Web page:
What’s next for Acrux after collapse of US deal prompts 30pc share price plunge
Health & Biotech
Health & Biotech
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Testosterone drug maker Acrux will refocus on eight new drugs after US pharma Eli Lilly pulled out of a licence deal for its existing product, sending shares into freefall.
Acrux (ASX:ACR) saw its shares drop 30 per cent after announcing Eli Lilly would no longer distribute its only product — testosterone armpit applicator Axiron.
Axiron is used to treat adult males who have low or no testosterone.
Announced back in 2010, the deal was said to be the biggest ever Australian biotech licensing arrangement, worth up to $US335 million ($419m) plus royalties.
The company said on Wednesday that its deal to license Axiron to Eli Lilly had been scrapped after regulatory changes in the US for testosterone products.
Acrux shares were trading at 18.5c in lunchtime trade — down more than 30 per cent.
The regulatory changes stemmed from concerns over whether testosterone products could lead to an increased risk of heart attack or stroke.
In 2014, the US FDA introduced a requirement for long-term safety trials over concerns that testosterone drugs could increase risk of heart attack or stroke.
Acrux and Eli Lily missed a deadline yesterday to submit a plan for the trial — which would have taken five years and cost potentially hundreds of millions of dollars, Acrux chief Michael Kotsanis told Stockhead.
“The cost would have been bigger than our market cap,” Mr Kotsanis said.
“It’s certainly a big commitment and when you’ve got generic competition with an uncertain revenue line going forward for us it’s impossible — it would have bankrupted the company.”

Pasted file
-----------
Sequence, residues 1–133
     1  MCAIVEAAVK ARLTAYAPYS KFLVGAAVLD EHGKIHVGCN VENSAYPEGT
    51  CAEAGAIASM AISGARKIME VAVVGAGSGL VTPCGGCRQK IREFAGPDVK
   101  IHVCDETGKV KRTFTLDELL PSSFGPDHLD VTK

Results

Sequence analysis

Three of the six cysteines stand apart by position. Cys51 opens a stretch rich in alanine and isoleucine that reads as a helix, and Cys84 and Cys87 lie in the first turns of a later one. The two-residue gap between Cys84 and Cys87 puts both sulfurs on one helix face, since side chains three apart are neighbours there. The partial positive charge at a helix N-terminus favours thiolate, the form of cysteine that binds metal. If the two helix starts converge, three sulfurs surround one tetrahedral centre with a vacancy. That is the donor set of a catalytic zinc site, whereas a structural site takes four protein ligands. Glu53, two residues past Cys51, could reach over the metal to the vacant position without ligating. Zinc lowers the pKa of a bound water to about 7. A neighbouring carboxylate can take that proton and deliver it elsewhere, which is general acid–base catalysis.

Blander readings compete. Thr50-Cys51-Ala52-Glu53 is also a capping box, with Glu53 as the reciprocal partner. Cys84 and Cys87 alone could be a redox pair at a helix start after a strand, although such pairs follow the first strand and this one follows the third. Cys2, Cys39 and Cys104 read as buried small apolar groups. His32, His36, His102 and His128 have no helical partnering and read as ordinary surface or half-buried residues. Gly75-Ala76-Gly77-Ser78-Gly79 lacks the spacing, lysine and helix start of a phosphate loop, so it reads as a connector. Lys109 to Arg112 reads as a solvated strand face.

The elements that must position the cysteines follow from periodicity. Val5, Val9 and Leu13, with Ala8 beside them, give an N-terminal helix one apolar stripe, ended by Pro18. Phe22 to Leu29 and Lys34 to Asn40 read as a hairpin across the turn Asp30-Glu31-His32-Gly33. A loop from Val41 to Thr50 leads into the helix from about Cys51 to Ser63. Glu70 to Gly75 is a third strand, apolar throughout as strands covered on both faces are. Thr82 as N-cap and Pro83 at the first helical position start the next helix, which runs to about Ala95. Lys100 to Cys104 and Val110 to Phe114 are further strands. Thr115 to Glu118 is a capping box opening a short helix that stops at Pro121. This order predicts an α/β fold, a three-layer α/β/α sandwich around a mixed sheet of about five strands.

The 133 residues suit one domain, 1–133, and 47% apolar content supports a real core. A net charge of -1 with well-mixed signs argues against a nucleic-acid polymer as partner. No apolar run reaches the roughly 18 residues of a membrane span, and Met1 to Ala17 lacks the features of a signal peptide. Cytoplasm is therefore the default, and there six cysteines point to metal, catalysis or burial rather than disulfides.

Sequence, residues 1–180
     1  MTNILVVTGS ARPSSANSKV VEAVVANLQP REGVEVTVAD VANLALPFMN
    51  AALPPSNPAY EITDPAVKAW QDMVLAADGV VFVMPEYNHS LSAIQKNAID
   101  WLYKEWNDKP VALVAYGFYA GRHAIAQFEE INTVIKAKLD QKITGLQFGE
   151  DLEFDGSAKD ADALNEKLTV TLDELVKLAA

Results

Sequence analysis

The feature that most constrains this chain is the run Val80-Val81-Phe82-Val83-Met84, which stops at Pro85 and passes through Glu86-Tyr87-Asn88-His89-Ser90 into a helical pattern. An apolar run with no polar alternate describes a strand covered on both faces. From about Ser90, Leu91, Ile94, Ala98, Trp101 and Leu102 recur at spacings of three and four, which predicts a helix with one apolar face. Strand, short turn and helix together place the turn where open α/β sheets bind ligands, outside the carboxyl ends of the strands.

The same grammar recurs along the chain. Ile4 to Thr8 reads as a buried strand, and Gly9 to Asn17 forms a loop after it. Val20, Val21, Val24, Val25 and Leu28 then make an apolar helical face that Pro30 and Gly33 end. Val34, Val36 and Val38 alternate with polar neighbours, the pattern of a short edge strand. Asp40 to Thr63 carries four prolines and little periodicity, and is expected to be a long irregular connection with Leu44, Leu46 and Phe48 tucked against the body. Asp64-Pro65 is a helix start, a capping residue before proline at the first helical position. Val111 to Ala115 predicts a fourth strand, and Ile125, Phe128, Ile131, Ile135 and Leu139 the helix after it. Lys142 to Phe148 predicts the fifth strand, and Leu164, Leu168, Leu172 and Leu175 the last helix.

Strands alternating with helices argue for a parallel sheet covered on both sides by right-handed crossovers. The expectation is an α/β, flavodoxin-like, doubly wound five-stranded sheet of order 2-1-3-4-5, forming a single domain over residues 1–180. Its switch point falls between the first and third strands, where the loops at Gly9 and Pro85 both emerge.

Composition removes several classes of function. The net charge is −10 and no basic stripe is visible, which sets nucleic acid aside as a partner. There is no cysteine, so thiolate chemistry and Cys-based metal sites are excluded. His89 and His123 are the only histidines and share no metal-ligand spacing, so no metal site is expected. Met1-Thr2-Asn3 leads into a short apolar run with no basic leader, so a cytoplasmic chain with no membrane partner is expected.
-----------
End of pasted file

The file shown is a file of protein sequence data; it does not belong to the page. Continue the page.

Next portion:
Acrux had previously lost patent court cases in the US, opening up the market to generic competitors — two of whom launched in July and August.
Acrux would continue to pursue an appeal (scheduled for October 5) in the hope of claiming damages from the generic companies, Mr Kotsanis said.
Meanwhile, safety concerns dented demand for testosterone products in the US.
“The market share of Axiron had dropped dramatically, so [Eli Lilly] chose not go ahead,” Mr Kotsanis said.
European regulators had no such concerns about testosterone drugs, noted Mr Kotsanis, who joined Acrux at the end of 2014.
“We would have liked Axiron to be around for another ten years and it’s not. [But] we identified two years ago the company had a limited pipeline, so we actively embarked on building a pipeline to offset the reliance on one product.”
“We now have eight product in our pipeline — and that will grow this year.
The new products were all topical drugs applied to the skin. Ironically, seven of the eight were generic products, though Mr Kotsanis would not reveal details.
“We don’t disclose the products, but the market value and sales of those products currently generate over $1 billion in sales.
Acrux hoped to have trials running in mid-2018 and US FDA approval a year later.
Acrux would again look for partners to bring the new drugs to market.
Mr Kotsanis said Acrux had plenty of cash — $34 million at the end of June and several million more in receivables — to see it through.